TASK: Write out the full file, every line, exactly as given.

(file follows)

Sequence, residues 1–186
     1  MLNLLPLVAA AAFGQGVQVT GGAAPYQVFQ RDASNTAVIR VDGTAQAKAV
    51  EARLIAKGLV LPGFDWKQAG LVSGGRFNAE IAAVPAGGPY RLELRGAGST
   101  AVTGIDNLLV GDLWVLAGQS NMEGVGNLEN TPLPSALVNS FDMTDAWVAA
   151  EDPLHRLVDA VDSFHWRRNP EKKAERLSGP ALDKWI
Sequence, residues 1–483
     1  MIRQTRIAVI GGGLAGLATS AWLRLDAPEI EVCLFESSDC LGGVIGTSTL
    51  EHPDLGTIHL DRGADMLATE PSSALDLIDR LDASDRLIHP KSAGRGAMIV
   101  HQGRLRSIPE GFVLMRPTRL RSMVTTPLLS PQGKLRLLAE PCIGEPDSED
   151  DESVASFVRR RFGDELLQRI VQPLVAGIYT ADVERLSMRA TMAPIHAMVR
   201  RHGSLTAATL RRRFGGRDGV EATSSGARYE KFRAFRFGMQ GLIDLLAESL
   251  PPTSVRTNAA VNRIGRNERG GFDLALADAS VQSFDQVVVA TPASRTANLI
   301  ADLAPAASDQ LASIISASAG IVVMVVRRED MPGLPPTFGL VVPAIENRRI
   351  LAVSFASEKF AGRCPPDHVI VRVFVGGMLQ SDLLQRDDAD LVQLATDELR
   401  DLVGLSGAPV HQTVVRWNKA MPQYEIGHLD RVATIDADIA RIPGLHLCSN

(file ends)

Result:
Sequence, residues 1–186
     1  MLNLLPLVAA AAFGQGVQVT GGAAPYQVFQ RDASNTAVIR VDGTAQAKAV
    51  EARLIAKGLV LPGFDWKQAG LVSGGRFNAE IAAVPAGGPY RLELRGAGST
   101  AVTGIDNLLV GDLWVLAGQS NMEGVGNLEN TPLPSALVNS FDMTDAWVAA
   151  EDPLHRLVDA VDSFHWRRNP EKKAERLSGP ALDKWI
Sequence, residues 1–483
     1  MIRQTRIAVI GGGLAGLATS AWLRLDAPEI EVCLFESSDC LGGVIGTSTL
    51  EHPDLGTIHL DRGADMLATE PSSALDLIDR LDASDRLIHP KSAGRGAMIV
   101  HQGRLRSIPE GFVLMRPTRL RSMVTTPLLS PQGKLRLLAE PCIGEPDSED
   151  DESVASFVRR RFGDELLQRI VQPLVAGIYT ADVERLSMRA TMAPIHAMVR
   201  RHGSLTAATL RRRFGGRDGV EATSSGARYE KFRAFRFGMQ GLIDLLAESL
   251  PPTSVRTNAA VNRIGRNERG GFDLALADAS VQSFDQVVVA TPASRTANLI
   301  ADLAPAASDQ LASIISASAG IVVMVVRRED MPGLPPTFGL VVPAIENRRI
   351  LAVSFASEKF AGRCPPDHVI VRVFVGGMLQ SDLLQRDDAD LVQLATDELR
   401  DLVGLSGAPV HQTVVRWNKA MPQYEIGHLD RVATIDADIA RIPGLHLCSN